When it comes to driving the truck, you must accept that it's no Wild Dagger. You don't drive it like a typical bashing RC, you drive it like you would a full-scale lifted truck. On asphalt or any other moderately high-traction surface, if you crank the steering to full lock at top speed, you're sure to flip over and do some serious damage to that beautiful body. Remember, it's painted on the outside, and unlike polycarbonate bodies, these can break. Top speed in 3rd gear is plenty generous, but the real fun comes when you back it down to 1st and take it off the beaten path, as that's where the scale driving experience really kicks in. You start to plan your course, bump by bump, stone by stone, and in stead of thrashing over terrain, you truly drive over it. It's an experience that particularly rewards patience and imagination.

Building Tips

See the annotated build process in the Tamiya Ford F-350 High Lift build thread on the forums.

  • You'll notice that unlike in some simpler Tamiya kits, you don't build using everything from one hardware bag, and then move on. You'll frequently need to skip ahead a bag or two to get the parts you need. Just don't let this worry you, and make sure you have a wide, open container to empty the bags into so the pieces will be easier to find. I actually used four caddies during this build -- one large flat tupperware piece, one quart-sized tupperware piece, and two small dishes (old mint tins).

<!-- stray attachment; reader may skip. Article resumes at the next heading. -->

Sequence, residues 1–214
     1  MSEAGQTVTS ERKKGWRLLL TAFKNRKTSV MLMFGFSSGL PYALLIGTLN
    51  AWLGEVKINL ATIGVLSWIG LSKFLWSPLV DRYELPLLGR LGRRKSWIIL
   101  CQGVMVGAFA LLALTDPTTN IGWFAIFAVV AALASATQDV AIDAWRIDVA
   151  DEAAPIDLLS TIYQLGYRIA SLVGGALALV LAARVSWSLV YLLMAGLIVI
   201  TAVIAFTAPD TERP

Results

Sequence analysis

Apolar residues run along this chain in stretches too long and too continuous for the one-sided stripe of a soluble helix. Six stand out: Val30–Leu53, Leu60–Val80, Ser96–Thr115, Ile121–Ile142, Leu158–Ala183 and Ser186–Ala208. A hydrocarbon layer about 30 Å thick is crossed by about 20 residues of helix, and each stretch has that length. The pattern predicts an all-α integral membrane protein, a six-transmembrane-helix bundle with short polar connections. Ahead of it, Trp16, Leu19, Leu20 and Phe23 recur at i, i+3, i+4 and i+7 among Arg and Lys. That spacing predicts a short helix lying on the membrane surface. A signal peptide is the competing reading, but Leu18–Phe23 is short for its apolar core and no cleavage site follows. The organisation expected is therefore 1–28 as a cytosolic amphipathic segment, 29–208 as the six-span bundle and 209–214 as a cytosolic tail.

• Since I built the kit 100% stock, I used the included oilite bushings, with the key word segment being "oil." For all metal-on-bushing surfaces, I used actual petroleum-based bushing oil instead of the included "ceramic grease." Oil soaks into oilite bushings a bit better in my experience. I used the kit grease on all metal-on-plastic and plastic-on-plastic moving surfaces, as well as in the diffs.
  • Two different muffler styles are included, with single & dual tips. Instead of chosing one and permanently cementing it to the pipe, use a bit of removable adhesive like Shoe Goo so you can change styles at a later date if you want.